Open Carry States 2020
In the United States, carrying a firearm is legal. However, how it is carried is dictated by the laws of the state. In some states, concealed carry is legal, which means that the gun can be carried on a licensed person but must not be visible to other people.
On the other hand, some states have what is known as open carry, which means that a person can carry their firearm legally in a holster or attached to a sling so that it is easily accessible. It does not need to be concealed from other people.
In recent years, more states are making open carry legal. The argument in favor of open carry is that criminals usually hide their weapons, while law-abiding citizens should not be forced to conceal their weapons.
On the other side, gun control groups have voiced their opposition to the practice of open carry. Even so, many states allow open carry, at least in some situations. When discussing open carry, there are several different categories of the law.
The first is permissive open carry. This means that it is legal to carry a firearm on foot and in a vehicle openly. A license or permit is not required to open carry in these states.
There are also states with permissive open carry with local restrictions. These states generally allow open carry without a license, but there may be restrictions on locations or modes of carrying for non-license holders. States with these laws include:
Other states are licensed open carry states. This means that a permit is required to carry a handgun openly. States with these laws include:
There are also anomalous open carry states. This means that open carry is against the law for the most part, except unincorporated areas with population densities that fall below a certain threshold. The only state with these laws is the state of California.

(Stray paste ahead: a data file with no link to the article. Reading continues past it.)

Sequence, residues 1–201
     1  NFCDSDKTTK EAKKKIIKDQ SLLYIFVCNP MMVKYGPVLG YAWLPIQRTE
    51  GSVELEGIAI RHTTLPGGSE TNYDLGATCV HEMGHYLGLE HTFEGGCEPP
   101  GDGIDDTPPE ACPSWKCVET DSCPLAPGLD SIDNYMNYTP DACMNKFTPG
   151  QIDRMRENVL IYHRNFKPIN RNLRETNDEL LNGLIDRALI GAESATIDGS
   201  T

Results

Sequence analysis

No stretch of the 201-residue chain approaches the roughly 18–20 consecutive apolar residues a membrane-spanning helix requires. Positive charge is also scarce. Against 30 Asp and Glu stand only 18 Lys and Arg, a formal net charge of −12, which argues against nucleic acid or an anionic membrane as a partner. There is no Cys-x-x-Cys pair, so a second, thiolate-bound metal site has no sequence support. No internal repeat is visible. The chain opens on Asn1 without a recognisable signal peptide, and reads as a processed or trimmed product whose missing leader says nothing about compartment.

Open Carry vs. Concealed Carry
Open carry and concealed carry both allow licensed gun owners to carry a firearm with them. Open carry allows gun owners to carry their firearm visible to other people, such as strapped to their belts. Concealed carry requires gun owners to conceal or hide their weapon well enough so that no one can see it, such as completely tucked into an article of clothing or kept in a backpack or purse. Whether the gun owner needs a permit to open carry or conceal carry depends on the state.
Both types of carry have their pros and cons. Open carry allows one’s weapon to be easily accessible and can serve as a deterrent for criminals. Open carry, however, is subject to negative public perception and might make a person open carrying the first target of a criminal. Concealed carry is legal, with or without a permit (depending on your jurisdiction), in all 50 states and can help the gun owner avoid harassment from law enforcement or unwanted conversation about one’s decision to carry. On the other hand, concealed carry can lead to a slower draw time if the firearm is needed and will not deter potential criminals because it is not visible. Additionally, one might need to adjust his/her everyday attire in order to conceal the weapon.